Alfred Bester’s 1956 classic The Stars My Destination is a difficult book for me to adequately describe; it has so many levels, and they are all woven together in intricate fashion to produce one of SF’s most highly regarded works. At the most basic level it is the story of one man’s thirst for revenge. Another level is that of a future humanity (size: 11 trillion) that has populated the solar system and has fractured itself into two political units which are at war — the Inner Planets (Earth, Moon, Venus, Mars) and the Outer Satellites (the various moons of Jupiter, Saturn, Neptune). And at yet another level it is the story of a humanity undergoing a change, becoming superhuman, acquiring an ability which, once unleashed, will open up the stars to them. Really, though, Bester himself characterizes the book better than I can, in his prologue:
It was an age of freaks, monsters, and grotesques. All the world was misshapen in marvelous and malevolent ways. The Classicists and Romantics who hated it were unaware of the potential greatness of the twenty-fifth century. They were blind to a cold fact of evolution… that progress stems from the clashing merger of antagonistic extremes, out of the marriage of pinnacle freaks. Classicists and Romantics alike were unaware that the Solar System was trembling on the verge of a human explosion that would transform man and make him the master of the universe.
It is against this seething background of the twenty-fifth century that the vengeful history of Gulliver Foyle begins.
Gulliver (Gully) Foyle is the central character, and his desire for vengeance is the driving force that propels the story. The sole surviving crew member of a destroyed and drifting spacecraft, he desperately clings to life in the wreckage for months; at long last another spacecraft comes by, sees Foyle’s signals…. and flies right on by, leaving him to die. This is a transforming experience for Gully, who up until then had always drifted rather lazily through life. The sheer rage he feels at the passing ship awakens his mind and sharpens it into a fine tool focused solely on revenge. A bit later he manages another means of rescue, and vows to track down the offending ship and destroy it, no matter how long it takes. Gully Foyle is an intriguing and complex character; his behavior during his quest for revenge is of questionable morality (that may be an understatement!), and yet it’s still hard not to feel sympathy, or at least pity, for him.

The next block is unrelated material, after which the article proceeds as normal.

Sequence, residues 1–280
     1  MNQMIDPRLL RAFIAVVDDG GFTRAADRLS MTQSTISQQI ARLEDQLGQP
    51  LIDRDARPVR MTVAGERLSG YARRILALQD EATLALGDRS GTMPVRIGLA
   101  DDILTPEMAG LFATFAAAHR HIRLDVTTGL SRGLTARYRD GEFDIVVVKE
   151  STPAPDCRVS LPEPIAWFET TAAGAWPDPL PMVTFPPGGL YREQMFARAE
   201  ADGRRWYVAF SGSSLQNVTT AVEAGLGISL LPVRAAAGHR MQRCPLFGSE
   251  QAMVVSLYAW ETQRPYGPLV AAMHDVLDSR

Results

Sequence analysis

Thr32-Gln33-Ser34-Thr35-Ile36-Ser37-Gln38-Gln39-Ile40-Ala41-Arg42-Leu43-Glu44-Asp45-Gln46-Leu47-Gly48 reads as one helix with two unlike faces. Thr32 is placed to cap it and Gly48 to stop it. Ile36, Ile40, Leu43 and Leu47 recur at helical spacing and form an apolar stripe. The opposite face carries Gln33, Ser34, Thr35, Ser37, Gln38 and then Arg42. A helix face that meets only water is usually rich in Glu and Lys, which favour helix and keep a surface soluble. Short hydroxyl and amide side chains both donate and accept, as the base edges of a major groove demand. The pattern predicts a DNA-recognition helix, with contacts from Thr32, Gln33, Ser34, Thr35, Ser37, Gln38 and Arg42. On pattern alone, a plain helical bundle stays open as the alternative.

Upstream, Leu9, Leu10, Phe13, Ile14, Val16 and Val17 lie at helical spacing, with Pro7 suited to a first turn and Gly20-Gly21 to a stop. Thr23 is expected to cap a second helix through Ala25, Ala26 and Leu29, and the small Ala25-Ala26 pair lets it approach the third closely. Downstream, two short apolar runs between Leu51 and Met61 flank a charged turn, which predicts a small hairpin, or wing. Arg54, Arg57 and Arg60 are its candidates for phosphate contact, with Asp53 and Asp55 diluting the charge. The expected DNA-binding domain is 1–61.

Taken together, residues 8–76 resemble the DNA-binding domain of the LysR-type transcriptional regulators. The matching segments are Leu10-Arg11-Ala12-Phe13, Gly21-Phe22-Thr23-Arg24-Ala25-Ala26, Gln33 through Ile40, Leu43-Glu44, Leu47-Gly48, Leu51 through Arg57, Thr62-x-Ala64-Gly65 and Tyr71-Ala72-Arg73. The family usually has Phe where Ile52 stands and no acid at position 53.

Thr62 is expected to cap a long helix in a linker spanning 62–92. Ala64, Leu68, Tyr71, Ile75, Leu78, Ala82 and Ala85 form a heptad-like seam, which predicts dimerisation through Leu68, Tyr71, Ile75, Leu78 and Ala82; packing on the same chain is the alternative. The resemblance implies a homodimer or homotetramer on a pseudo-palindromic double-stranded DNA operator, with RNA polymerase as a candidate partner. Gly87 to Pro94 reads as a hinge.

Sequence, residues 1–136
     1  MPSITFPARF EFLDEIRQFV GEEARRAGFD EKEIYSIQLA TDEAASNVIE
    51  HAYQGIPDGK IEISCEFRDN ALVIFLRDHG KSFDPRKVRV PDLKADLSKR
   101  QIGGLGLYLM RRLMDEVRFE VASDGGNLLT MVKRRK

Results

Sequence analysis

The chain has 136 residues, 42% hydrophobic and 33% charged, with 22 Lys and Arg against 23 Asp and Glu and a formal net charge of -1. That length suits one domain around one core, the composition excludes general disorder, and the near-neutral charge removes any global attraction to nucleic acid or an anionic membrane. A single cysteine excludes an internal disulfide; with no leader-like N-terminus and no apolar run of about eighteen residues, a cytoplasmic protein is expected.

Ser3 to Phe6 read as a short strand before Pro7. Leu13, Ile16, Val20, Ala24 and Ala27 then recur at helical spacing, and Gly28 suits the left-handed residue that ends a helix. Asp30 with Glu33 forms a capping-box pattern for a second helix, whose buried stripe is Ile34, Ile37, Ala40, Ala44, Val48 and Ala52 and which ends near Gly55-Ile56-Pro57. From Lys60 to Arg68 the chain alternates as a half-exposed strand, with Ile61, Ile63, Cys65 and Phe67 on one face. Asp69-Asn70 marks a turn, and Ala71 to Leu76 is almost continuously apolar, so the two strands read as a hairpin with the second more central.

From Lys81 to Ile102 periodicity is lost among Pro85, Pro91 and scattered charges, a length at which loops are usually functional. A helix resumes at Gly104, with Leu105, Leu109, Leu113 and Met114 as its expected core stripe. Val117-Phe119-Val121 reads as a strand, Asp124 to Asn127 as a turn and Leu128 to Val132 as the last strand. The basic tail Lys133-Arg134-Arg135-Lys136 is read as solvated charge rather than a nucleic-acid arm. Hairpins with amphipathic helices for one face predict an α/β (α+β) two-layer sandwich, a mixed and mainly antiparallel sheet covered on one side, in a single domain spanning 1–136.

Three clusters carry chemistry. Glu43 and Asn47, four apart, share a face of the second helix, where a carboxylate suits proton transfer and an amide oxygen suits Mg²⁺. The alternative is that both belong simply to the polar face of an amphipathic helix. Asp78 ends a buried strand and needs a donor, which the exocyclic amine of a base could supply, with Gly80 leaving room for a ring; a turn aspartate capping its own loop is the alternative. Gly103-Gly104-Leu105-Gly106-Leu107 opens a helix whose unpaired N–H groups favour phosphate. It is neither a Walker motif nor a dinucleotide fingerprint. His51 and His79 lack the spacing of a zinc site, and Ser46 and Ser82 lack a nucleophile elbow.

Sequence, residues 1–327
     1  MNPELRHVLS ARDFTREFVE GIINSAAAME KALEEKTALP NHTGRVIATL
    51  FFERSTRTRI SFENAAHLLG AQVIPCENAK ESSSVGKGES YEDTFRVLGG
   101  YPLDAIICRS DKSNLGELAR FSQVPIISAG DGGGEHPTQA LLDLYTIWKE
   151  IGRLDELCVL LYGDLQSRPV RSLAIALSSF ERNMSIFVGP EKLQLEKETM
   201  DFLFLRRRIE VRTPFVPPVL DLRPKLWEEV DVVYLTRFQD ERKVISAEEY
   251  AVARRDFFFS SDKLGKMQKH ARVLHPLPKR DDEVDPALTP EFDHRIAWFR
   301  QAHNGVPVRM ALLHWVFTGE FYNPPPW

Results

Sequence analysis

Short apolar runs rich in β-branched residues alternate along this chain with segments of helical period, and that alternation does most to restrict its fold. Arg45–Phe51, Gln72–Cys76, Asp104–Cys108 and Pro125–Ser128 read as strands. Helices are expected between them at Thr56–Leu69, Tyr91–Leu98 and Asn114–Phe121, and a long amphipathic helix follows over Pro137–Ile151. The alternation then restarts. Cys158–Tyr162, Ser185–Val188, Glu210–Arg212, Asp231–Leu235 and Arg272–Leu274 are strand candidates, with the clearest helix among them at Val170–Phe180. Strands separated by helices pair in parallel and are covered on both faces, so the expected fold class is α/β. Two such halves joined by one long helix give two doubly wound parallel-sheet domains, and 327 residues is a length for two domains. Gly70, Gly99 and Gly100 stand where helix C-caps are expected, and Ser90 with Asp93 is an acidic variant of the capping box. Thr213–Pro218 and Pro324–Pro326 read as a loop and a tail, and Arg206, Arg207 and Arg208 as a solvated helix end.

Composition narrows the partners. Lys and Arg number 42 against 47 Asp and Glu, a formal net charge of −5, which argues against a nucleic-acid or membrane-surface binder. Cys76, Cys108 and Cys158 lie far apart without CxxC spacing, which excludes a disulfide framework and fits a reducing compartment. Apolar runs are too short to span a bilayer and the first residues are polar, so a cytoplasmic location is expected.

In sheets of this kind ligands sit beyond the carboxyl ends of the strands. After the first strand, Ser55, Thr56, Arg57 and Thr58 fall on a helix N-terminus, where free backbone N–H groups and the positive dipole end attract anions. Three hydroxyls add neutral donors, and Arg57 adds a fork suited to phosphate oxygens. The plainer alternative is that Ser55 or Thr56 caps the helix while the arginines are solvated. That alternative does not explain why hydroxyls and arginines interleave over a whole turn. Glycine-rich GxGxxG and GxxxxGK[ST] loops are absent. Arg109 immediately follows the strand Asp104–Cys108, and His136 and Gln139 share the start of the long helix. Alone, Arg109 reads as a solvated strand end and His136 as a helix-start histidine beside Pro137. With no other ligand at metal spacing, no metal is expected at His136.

Part of the “seething background” to Gully’s story is a recently acquired human skill called “jaunting.” I can explain jaunting easily by saying it’s exactly the same as the teleporting trick seen in the recent (disappointing) movie Jumper (and it seems likely this is where the movie’s concept came from). A latent power of the mind discovered under pressure, it is studied and quickly understood and taught to most of humanity, who excel at it to varying degrees (different people have different distance limits, but the skill is confined to planetary surfaces). This has major consequences for society and business, particularly the transportation industry, which quickly folds. And since that industry no longer needs raw materials from the Outer Satellites, who in turn impose other economic sanctions in retaliation, this is one of the major causes of the war raging through the solar system.
There are a few parts of the book that seem absurd to a modern reader. For instance, Dagenham the radioactive man; through some nuclear accident, he turned “hot” but he still lives, and can’t be around other people for more than five minutes. This sounds like something from a comic book, and it’s hard to see why Bester would put something so silly in an otherwise fine novel. Also, some of the parts dealing with the operation of spacecraft were also of the same comic book quality. However, those are relatively minor complaints, given how good this novel is in all other respects.
There is a deep concern here with, as Bester puts it, “profit and loss, sin and forgiveness, idealism and realism.” Both parts in all these opposing pairs have their role to play in this story, applying to just about every situation and character, including Gully, who eventually discovers a conscience and wants to be “purged” of his sins. He finds no easy way out of his guilt, but ironically this morally shady character turns out to be a sort of messiah, holding the key to the next level of jaunting, which will open the universe to human colonization. Bester offers us a complicated world in which the good guys and bad guys aren’t identified by wearing white or black, and life can’t be sorted into orderly categories. Bester’s world is a gray and tangled place where, just as he said in the prologue, progress comes not in a neat orderly fashion, but from “the clashing merger of antagonistic extremes.” Some serious issues are raised, concerning the nature of revenge, the influence of the rich and powerful, and the differences between those who are driven and those who passively float through life. And there are no easy answers, except perhaps this bizarre answer from a robotic servant who hears some of the humans debating some of these issues:
“You’re all freaks, sir. But you always have been freaks. Life is a freak. That’s its hope and glory.”
Likewise, The Stars My Destination is a freaky yet glorious novel.